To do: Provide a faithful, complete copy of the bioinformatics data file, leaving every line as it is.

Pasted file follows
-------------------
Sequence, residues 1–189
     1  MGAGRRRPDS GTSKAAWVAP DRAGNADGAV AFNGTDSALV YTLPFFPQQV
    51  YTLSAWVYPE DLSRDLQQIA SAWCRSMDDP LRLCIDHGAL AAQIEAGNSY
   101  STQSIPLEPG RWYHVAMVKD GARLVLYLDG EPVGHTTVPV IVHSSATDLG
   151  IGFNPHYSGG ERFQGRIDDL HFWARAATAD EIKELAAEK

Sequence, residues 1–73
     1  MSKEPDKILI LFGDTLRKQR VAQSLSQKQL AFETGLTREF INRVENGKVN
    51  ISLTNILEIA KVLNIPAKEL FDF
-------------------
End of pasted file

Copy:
Sequence, residues 1–189
     1  MGAGRRRPDS GTSKAAWVAP DRAGNADGAV AFNGTDSALV YTLPFFPQQV
    51  YTLSAWVYPE DLSRDLQQIA SAWCRSMDDP LRLCIDHGAL AAQIEAGNSY
   101  STQSIPLEPG RWYHVAMVKD GARLVLYLDG EPVGHTTVPV IVHSSATDLG
   151  IGFNPHYSGG ERFQGRIDDL HFWARAATAD EIKELAAEK

Sequence, residues 1–73
     1  MSKEPDKILI LFGDTLRKQR VAQSLSQKQL AFETGLTREF INRVENGKVN
    51  ISLTNILEIA KVLNIPAKEL FDF